Posts Tagged ‘ flash ’

What the heck is FP High Speed Sync?

The simple question of “how do I set a faster shutter speed whilst using a flash” led me to discover FP High Speed Sync on my camera (just called High Speed Sync with Canon).  Have you ever been looking at a scene, switched on your flash and had your camera dramatically over expose a photo or change your carefully selected aperture?  If the answer is yes, then you need to know about High Speed Sync.

What is FP or High Speed Sync Mode? Continue reading

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Fun Technique: Time to Get Flashy

By Jack Berglund

In this second in the series of fun techniques, you’ll be having so much fun you won’t realize I’ve tricked you into learning what rear sync flash is and how to use it.

Getting this effect is surprisingly simple, by setting your camera up correct and zooming whilst the shot is being taken. You’ll get the best results with a dedicated flash although you can have a crack with the one on your camera also with more mixed results.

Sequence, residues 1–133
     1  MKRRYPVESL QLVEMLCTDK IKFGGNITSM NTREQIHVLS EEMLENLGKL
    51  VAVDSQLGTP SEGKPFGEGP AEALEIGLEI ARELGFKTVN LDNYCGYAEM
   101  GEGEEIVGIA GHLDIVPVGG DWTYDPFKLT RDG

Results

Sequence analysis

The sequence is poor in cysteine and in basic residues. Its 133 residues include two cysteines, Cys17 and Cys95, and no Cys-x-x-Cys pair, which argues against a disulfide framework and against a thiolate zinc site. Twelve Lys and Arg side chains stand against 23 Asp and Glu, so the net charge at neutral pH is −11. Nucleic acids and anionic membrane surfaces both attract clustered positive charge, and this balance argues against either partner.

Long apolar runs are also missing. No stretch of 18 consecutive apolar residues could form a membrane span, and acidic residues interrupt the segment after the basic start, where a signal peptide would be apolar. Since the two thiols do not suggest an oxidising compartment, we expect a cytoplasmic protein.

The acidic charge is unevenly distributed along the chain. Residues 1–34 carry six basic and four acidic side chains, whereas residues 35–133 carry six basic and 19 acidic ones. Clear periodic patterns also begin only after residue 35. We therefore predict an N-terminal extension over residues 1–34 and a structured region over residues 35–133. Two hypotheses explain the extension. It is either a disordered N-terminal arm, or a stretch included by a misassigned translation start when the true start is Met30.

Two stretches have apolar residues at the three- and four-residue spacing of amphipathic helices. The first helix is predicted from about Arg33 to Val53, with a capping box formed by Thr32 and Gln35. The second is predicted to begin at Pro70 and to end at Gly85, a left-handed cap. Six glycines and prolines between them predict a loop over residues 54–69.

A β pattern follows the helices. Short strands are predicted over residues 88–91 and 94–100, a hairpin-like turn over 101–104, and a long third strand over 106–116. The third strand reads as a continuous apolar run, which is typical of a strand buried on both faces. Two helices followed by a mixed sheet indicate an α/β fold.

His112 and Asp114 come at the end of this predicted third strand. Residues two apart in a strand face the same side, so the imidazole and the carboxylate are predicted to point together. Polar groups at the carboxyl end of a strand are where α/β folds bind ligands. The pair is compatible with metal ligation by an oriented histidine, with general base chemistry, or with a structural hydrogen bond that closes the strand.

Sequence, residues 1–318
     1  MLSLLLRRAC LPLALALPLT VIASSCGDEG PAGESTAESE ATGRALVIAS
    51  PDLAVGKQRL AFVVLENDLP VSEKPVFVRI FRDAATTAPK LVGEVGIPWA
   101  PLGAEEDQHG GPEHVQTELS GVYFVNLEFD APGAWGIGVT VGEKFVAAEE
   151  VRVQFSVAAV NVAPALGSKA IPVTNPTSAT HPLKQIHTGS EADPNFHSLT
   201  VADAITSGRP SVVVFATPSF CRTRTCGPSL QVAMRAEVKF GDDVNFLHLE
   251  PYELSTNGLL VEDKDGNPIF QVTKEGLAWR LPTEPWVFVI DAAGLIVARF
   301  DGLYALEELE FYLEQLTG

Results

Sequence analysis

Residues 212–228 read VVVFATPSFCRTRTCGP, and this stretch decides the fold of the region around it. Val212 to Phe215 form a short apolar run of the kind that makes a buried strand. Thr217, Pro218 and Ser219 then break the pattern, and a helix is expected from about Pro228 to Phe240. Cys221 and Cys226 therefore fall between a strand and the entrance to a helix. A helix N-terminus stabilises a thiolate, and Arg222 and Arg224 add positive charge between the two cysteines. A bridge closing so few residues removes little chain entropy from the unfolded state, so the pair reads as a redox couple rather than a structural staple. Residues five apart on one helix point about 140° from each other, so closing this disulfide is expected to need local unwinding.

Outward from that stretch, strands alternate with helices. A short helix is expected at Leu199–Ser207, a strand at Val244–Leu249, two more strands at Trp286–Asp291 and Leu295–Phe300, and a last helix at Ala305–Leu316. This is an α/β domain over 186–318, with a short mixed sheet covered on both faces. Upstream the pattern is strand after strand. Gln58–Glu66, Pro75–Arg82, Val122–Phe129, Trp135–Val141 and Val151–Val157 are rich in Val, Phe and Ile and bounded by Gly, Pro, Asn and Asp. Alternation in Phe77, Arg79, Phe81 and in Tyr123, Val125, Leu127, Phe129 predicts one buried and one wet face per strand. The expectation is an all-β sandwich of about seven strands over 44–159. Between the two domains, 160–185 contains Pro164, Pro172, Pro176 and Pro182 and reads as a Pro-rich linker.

First the ‘How’

The ‘why’ comes later, its more fun that way and as fun is in the title, we’re all about fun today:

  1. Set your flash to rear sync (sometimes called second-curtain) mode *see the note below if you’re unsure how to do this
  2. In manual mode, set your shutter speed to something around 1/2s – 1 s and your aperture close to wide open.
  3. The slower you go with the shutter speed the more pronounced affects you can get and the more time you have to apply the affect.
  4. Continue reading

Why You Need a Dedicated Flash

By Jack Berglund
With the aid of my trusty model and some fruit, I will demonstrate why you need to stop using your built in flash and get a dedicated unit.

Built in camera flash:

A magnificent recreation of the deer in headlights effect. Unless this is the look you’re going for, this is not good.

Dedicated flash pointed at a white ceiling:

Bouncing of the ceiling has two advantages. The light is not coming directly from the camera which helps avoid the deer in headlights look and the light is much more diffuse leading to softer shadows. Both of these are things are good. Continue reading

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